Honda, like many of its counterparts in Japan, is a manufacturer known for producing many types of fuel-efficient vehicles. Now, Honda has set a goal of increasing overall fleet fuel economy of its vehicles by 5% by the year 2010.
The 5% figure is lower than what many environmental groups would like to see, which would be annual increases of 4%, coupled with hard targets that manufacturers would have to meet.
The Free Press speculates that it’s possible that Honda is pledging to improve fuel efficiency by the 5% figure in three years so as to deflect the fact that it has said that it opposes moves in Congress to set higher fuel-economy standards for vehicles. On the other hand, in its annual "North American Environmental Report," Honda says that it actually favors tougher fuel-economy regulations by the government. Perhaps it wants tougher regulations on its own terms…something no doubt many car builders would subscribe to.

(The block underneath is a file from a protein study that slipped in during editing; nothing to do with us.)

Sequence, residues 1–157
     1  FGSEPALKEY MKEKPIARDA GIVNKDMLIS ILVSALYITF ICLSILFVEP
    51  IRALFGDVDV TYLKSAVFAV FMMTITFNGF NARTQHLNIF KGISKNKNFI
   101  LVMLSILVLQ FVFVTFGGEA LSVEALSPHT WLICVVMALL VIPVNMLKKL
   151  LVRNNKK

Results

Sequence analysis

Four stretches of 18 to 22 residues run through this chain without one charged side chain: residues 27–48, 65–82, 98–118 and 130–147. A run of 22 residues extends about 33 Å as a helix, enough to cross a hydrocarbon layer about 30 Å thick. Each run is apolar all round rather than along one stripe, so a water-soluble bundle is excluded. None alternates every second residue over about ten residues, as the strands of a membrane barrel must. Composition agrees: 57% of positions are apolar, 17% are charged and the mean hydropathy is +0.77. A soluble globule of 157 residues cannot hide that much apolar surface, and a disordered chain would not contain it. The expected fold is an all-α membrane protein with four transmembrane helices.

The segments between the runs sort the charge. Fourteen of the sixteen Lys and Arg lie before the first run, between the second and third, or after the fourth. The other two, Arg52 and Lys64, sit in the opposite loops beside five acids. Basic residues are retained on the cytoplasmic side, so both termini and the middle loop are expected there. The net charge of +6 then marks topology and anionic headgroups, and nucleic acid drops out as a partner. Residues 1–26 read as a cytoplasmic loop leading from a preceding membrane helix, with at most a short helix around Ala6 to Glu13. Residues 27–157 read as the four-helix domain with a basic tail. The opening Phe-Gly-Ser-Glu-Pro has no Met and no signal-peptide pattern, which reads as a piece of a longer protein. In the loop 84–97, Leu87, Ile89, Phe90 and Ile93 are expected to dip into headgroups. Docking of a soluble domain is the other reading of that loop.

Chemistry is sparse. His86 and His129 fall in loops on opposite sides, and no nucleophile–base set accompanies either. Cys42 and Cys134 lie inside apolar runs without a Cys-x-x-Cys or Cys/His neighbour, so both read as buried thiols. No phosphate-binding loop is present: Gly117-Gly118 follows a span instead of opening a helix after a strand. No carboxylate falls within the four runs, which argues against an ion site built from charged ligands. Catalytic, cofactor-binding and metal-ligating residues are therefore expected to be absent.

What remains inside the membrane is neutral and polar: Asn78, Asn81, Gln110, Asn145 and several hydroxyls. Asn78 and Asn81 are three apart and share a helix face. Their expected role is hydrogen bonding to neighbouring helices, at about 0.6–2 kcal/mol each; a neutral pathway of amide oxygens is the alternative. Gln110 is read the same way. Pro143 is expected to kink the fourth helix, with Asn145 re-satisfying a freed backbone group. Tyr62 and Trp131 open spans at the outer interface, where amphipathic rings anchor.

Honda does, however, trumpet the fact that it is the most fuel-efficient full-line automaker; this is due in part to its refusal to build engines greater than 6 cylinders, which gave it a fuel-economy average of 29.1 mpg in the 2006 model year.